top of page


  • Writer's pictureDillan Taylor

The Joke That Never Works

Over the summer, two of my close friends were in town visiting family.

Excited to see them, if only for a few minutes, I called them to learn that they had already headed back home to Philadelphia.

In hindsight, they were leaving a chaotic family experience, dashing back to a city with a strict curfew during a pandemic, and exhausted–not from a weekend of leisure, but one of stress and obligation.

Unfortunately, none of these facts were present in my mind when I heard the wind of their open car windows on the other end of the phone.

I was hurt. My friends didn’t care to stop by and say hi.

If I had taken a second to consider what they were going through, I would’ve realized: No shit! They have much more important things to worry about right now. You’ll see them soon enough.

I tried to play it off with a joke. A joke that in fact, never works. I call it the “Thanks for the invite” joke.

This is a joke that attempts to playfully jab others for excluding you in some way. I’m not joking (clever). It literally never works.

My words in this particular situation were something like, “Well I guess I’ll go fuck myself.” Meaning: I guess I’m not important enough to give 5 minutes to.

Here’s why this joke always fails:

1) It’s not funny.

You’ll never hear anyone actually laugh at this type of joke.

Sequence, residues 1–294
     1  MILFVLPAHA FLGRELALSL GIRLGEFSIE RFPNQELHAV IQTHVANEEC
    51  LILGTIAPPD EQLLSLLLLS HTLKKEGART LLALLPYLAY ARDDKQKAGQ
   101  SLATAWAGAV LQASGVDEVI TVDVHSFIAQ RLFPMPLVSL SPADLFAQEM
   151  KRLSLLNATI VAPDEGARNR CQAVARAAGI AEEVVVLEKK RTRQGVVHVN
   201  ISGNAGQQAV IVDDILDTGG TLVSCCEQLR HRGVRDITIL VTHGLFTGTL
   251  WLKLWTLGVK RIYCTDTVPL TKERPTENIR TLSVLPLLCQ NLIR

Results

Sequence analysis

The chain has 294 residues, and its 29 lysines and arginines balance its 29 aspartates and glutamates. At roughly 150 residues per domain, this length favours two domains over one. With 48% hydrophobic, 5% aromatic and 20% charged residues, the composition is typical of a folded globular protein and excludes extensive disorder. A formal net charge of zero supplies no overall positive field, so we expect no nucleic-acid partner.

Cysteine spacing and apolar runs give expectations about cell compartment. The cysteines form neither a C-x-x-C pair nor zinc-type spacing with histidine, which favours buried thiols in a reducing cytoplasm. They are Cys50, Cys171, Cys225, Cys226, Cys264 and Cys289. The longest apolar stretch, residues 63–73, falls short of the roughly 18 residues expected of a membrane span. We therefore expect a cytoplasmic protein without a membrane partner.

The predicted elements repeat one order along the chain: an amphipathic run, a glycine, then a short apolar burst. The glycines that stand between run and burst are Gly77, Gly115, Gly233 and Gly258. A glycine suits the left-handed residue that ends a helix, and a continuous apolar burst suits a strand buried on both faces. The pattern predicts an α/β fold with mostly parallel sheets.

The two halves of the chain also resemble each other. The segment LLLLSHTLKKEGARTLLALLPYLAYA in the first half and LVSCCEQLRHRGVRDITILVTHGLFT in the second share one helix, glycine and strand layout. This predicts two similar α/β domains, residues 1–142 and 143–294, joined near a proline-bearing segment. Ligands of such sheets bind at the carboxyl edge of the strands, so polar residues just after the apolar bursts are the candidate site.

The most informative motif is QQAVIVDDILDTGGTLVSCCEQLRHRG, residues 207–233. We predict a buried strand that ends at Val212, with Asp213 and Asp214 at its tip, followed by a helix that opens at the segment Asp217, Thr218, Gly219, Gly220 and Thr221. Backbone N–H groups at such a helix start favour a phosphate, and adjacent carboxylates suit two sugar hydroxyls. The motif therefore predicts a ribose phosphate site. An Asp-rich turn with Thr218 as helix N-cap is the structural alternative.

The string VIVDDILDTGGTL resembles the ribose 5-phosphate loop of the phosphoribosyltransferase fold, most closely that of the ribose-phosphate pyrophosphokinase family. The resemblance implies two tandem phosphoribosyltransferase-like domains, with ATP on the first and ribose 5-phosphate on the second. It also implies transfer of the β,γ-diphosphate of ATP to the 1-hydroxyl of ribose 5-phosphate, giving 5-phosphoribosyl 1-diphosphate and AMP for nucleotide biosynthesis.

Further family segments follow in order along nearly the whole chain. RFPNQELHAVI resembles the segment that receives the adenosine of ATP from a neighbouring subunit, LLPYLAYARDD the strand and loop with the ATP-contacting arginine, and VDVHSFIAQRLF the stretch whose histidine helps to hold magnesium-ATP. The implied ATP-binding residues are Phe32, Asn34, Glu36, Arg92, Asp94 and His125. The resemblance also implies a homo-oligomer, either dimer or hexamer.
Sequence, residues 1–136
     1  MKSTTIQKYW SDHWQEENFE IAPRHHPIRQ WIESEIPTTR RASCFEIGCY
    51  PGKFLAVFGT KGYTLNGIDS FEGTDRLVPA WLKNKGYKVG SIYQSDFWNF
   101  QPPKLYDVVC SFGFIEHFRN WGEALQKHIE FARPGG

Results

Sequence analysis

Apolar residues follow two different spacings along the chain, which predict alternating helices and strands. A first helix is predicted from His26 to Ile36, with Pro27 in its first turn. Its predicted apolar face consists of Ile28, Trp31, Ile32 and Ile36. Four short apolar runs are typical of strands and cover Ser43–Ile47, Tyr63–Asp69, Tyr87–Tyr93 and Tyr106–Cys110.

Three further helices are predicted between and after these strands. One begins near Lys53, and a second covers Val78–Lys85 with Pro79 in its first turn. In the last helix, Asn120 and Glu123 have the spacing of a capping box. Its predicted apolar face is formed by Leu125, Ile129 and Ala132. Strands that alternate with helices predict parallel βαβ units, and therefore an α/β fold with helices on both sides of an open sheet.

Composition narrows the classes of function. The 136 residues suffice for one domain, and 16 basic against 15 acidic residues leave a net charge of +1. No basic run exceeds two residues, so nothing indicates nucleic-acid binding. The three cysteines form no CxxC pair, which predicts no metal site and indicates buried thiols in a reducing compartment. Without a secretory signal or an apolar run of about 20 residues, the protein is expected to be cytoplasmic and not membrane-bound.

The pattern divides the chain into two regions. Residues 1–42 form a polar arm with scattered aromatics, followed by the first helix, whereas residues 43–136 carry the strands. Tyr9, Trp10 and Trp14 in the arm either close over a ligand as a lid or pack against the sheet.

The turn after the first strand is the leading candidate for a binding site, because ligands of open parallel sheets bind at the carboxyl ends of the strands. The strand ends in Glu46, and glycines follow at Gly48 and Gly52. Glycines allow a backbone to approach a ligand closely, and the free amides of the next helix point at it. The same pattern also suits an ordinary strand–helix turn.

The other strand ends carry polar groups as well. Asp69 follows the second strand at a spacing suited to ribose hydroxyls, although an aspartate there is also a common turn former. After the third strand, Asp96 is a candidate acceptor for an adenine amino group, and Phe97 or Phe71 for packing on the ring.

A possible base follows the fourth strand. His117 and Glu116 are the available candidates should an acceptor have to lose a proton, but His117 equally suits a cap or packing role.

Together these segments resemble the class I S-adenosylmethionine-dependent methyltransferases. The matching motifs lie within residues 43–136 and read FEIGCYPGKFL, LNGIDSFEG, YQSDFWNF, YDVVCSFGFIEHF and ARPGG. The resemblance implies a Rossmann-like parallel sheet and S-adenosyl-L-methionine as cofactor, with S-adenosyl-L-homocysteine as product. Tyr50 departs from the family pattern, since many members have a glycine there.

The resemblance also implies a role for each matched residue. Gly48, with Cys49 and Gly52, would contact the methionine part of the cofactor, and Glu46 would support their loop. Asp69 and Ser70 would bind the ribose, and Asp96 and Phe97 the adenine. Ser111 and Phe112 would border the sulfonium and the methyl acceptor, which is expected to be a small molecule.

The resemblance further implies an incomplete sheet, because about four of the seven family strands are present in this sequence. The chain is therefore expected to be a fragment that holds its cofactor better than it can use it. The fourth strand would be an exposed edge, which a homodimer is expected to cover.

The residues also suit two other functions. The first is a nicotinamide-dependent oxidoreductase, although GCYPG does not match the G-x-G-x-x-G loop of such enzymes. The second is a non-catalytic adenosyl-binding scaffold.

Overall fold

Jokes have to be funnier than they are anything else: mean, clever, offensive, etc.

2) It promotes shame.

If you want to question why others have excluded you, then just ask. Hiding behind a “joke” is cowardly.

This kind of joke only stands to produce guilt; if that’s your motive, then you don’t actually care to get to the bottom of things for a resolution.

Which brings us to…

3) It doesn’t make them want to include you anymore than before.

If you say “I guess I didn’t get the invite!,” and the person then invites you, you know they are doing so out of guilt rather than a genuine desire to spend time with you.

If my friends turned around after I said what I said, it would have just been an awkward and obligatory meet-up…

It sucks to be excluded from things, but it’s bound to happen. You can either accept it, or in something like my case, you can take a second and think about what the other person is going through to figure out if you should actually be a priority or not.

If you’re really curious as to why you didn’t get an invite, reach out and inquire. But never use the Thanks for the invite joke, or anything like it. It doesn’t work and it doesn’t get you what you want.

Related Posts

See All

August Q&A—Roe v. Wade, addiction, biggest fear

1) “What’re your thoughts on Roe v. Wade being overturned?” If you’ve been reading this blog for more than a few months, you probably noticed I don’t touch on anything sociopolitical. That has less to


bottom of page